Governor Kay Ivey on Monday morning issued a State of Emergency ahead of potential severe weather affecting Alabama this week.
At the time she made the declaration, what is now Hurricane Sally was still a tropical storm.
“Bad weather is nothing to take lightly,” Ivey stated. “Earlier today, I issued a State of Emergency because those on the Gulf Coast know a flood and heavy rains can be just as deadly as tropical winds. We pray that Sally doesn’t do any harm, but we must be prepared just in case. As your governor, you have my assurance that every resource will be available if we need it. Be safe, Alabama.”
The latest projection from the National Weather Service shows Sally making landfall on Tuesday.
Southeastern Louisiana, along with the coastal areas of both Mississippi and Alabama, are now under hurricane warnings.
Current projections also currently expect Sally to travel across Alabama on Thursday as a tropical depression after making landfall.
Flooding could potentially be a major problem across the Yellowhammer State as Sally progresses this week. High amounts of rainfall are expected throughout Alabama as well, especially in Southwest Alabama.
Additionally, parts of Southwest Alabama could face wind speeds between 74-100 miles per hour.
Ivey on Sunday had already urged Alabamians to prepare for Sally and to stay weather aware.
Follow the latest updates from the National Weather Service here.
UPDATE 1:00 p.m.
Ivey has issued a supplemental State of Emergency and additional statement, reflecting that Sally is now a hurricane.
“As the recently upgraded Hurricane Sally continues heading closer to the Gulf Coast, we must give individuals time to prepare for the anticipated impacts of this storm,” the governor said. “Through a supplemental state of emergency declaration, I am closing all Alabama beaches effective today at 3:00 p.m. and recommending an evacuation, especially of non-residents, and those living in flood-prone areas south of I-10. Alabamians are no stranger to tropical weather and the significant damage these storms can do, even though our state is not currently in the direct line of impact. Locals will need to prepare their homes, businesses and personal property for imminent storm surge, heavy rain and flash flooding. I urge everyone to tune in to their trusted weather source, and pay attention to your local officials for updates regarding your area as they make further recommendations based off the unique needs of your community. I am staying engaged with our emergency response team at the state level as well as our local officials in Mobile and Baldwin counties, and we will be providing assistance wherever needed. I ask everyone to use their best judgement and practice personal responsibility to ensure safety of themselves, their families and our first responders. Stay weather aware!”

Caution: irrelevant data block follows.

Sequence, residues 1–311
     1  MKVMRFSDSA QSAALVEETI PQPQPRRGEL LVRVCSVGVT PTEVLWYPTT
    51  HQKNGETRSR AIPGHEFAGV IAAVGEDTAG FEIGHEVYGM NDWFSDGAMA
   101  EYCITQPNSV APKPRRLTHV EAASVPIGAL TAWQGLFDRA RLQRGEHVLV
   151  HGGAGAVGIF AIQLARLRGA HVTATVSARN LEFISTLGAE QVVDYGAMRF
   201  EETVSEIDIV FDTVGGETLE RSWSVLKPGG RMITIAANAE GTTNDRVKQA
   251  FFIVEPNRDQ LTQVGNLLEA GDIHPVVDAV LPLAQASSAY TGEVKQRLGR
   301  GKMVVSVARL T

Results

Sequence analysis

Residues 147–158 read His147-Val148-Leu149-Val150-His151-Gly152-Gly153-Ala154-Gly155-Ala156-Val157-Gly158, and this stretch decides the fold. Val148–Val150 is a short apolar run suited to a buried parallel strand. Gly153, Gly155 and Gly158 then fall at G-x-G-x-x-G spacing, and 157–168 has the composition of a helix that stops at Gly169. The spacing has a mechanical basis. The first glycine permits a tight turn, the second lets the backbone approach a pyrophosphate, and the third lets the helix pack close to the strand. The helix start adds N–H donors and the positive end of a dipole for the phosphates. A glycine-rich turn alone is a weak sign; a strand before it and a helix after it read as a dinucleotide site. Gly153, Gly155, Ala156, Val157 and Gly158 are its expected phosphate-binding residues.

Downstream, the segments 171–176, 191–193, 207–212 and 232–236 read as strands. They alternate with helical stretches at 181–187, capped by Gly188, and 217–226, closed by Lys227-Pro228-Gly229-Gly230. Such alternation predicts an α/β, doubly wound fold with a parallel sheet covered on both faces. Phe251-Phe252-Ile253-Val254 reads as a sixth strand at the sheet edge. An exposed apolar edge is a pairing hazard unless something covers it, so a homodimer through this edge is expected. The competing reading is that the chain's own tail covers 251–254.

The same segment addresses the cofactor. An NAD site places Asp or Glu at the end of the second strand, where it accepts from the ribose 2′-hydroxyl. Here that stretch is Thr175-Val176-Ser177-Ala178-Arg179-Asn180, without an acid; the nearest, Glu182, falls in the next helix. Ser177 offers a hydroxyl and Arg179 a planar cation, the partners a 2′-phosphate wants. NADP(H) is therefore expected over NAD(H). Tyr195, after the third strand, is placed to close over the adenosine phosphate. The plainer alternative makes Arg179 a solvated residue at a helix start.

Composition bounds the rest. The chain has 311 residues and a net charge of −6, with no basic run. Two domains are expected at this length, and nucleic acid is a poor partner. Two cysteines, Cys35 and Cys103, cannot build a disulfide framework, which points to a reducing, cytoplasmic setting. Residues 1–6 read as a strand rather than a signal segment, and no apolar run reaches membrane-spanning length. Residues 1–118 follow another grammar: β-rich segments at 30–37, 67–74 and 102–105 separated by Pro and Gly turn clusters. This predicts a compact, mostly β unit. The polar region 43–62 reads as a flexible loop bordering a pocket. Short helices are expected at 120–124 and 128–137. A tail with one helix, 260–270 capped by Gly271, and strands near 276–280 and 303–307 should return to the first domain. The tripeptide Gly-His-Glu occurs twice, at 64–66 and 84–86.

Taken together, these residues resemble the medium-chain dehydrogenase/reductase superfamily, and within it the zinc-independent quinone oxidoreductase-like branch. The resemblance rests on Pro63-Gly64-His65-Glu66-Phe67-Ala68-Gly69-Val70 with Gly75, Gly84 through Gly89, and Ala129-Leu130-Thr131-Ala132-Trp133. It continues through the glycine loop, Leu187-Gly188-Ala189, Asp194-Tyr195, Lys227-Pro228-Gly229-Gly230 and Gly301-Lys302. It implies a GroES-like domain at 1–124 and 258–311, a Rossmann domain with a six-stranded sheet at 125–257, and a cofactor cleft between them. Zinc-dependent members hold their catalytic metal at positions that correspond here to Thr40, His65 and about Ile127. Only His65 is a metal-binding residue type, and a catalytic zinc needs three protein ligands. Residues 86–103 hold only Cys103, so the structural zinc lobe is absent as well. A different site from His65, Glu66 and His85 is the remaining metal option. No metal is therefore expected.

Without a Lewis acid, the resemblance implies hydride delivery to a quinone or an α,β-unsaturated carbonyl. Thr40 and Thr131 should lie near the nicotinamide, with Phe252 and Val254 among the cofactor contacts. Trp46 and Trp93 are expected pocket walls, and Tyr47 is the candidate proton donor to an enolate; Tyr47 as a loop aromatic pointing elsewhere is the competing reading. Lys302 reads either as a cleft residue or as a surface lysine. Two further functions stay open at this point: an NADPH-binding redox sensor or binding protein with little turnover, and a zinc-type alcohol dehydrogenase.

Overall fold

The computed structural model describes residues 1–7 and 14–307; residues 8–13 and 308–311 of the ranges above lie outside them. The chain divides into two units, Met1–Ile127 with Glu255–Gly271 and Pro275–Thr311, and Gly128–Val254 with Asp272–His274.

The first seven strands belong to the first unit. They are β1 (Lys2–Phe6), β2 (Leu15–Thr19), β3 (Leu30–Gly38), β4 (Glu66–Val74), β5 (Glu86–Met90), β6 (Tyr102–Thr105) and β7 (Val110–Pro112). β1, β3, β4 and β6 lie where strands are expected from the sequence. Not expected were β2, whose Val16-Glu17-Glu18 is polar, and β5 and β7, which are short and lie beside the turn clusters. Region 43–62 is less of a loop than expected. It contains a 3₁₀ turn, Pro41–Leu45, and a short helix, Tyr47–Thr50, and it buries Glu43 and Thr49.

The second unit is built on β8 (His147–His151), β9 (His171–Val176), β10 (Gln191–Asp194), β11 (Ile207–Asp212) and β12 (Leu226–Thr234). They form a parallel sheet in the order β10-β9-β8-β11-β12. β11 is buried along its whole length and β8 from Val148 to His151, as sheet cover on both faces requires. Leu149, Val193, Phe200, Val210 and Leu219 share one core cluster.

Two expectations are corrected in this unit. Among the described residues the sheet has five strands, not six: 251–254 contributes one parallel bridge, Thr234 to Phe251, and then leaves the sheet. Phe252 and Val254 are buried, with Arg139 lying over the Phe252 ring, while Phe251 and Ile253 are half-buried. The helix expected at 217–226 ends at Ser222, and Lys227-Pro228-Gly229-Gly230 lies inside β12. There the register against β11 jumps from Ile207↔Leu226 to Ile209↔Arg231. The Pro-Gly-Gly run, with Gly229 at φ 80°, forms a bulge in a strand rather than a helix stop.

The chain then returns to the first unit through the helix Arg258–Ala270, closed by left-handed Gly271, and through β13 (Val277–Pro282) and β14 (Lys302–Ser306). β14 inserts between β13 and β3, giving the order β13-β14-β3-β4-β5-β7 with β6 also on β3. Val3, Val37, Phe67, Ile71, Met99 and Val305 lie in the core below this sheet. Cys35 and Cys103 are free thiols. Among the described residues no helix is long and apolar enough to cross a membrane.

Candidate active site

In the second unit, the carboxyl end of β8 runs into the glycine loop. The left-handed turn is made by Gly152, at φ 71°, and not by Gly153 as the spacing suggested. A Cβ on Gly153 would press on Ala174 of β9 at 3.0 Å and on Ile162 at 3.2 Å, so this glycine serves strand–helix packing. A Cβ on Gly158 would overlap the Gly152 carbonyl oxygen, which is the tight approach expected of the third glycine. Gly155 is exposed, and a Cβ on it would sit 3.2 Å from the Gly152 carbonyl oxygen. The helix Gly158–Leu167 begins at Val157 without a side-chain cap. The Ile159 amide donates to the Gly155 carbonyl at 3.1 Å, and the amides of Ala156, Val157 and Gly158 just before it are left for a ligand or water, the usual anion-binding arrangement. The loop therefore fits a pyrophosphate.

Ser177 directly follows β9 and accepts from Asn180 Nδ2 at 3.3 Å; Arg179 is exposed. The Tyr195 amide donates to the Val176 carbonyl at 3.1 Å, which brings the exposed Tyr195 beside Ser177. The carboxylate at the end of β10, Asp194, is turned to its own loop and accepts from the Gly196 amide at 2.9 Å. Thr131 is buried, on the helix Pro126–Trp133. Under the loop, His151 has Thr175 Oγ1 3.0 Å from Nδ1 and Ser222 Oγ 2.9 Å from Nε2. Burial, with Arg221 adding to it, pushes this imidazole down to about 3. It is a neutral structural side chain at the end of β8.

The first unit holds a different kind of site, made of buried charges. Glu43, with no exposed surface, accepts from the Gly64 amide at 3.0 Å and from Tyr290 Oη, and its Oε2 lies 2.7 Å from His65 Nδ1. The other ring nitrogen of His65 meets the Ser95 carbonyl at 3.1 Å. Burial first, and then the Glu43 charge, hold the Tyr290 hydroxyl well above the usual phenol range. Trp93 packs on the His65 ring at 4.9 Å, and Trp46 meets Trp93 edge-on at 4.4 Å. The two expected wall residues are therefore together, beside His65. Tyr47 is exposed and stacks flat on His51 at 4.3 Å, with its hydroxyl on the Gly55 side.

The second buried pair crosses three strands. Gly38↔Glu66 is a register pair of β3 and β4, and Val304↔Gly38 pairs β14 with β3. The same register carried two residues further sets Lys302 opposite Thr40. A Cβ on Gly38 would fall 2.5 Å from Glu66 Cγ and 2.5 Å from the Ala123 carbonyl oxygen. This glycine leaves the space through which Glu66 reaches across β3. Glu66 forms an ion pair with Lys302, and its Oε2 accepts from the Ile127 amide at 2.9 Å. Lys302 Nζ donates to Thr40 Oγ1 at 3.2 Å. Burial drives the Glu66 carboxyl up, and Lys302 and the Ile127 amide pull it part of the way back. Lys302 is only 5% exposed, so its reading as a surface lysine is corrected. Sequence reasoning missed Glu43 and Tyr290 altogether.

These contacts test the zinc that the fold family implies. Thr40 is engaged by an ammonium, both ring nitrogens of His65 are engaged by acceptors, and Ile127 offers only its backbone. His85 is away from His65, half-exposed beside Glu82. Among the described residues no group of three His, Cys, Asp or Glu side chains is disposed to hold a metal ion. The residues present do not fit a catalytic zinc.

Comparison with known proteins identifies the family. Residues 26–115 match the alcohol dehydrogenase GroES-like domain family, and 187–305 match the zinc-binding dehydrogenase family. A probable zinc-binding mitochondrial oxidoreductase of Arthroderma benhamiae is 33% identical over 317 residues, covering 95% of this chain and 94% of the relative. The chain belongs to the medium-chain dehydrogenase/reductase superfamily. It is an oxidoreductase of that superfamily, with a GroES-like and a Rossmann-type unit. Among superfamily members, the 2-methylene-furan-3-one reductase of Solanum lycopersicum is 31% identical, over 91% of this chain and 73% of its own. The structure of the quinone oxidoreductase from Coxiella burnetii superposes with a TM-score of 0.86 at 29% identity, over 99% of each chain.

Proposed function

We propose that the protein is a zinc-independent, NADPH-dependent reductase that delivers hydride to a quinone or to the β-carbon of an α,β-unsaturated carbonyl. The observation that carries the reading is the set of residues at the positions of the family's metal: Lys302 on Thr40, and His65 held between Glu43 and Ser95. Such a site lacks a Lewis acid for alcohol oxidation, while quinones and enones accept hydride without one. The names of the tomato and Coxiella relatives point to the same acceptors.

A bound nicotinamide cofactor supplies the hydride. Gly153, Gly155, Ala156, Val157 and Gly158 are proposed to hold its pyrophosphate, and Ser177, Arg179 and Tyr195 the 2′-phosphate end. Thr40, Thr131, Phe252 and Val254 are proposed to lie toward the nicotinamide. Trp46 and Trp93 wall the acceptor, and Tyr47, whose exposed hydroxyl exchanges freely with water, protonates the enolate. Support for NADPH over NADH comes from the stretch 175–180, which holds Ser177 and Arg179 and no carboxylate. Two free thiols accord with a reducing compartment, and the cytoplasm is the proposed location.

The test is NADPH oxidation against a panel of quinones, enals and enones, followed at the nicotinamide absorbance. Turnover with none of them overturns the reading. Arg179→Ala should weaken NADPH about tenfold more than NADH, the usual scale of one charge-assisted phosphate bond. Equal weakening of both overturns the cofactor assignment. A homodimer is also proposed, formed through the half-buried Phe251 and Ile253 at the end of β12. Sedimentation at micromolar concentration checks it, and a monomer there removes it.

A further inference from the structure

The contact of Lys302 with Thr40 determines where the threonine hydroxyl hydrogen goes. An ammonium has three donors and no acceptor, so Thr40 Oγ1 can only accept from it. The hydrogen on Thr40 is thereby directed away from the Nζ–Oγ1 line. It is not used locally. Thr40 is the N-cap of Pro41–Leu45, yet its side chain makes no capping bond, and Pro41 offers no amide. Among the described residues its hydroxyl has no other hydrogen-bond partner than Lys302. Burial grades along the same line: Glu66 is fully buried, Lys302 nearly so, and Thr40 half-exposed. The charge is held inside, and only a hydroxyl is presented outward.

Sean Ross is the editor of Yellowhammer News. You can follow him on Twitter @sean_yhn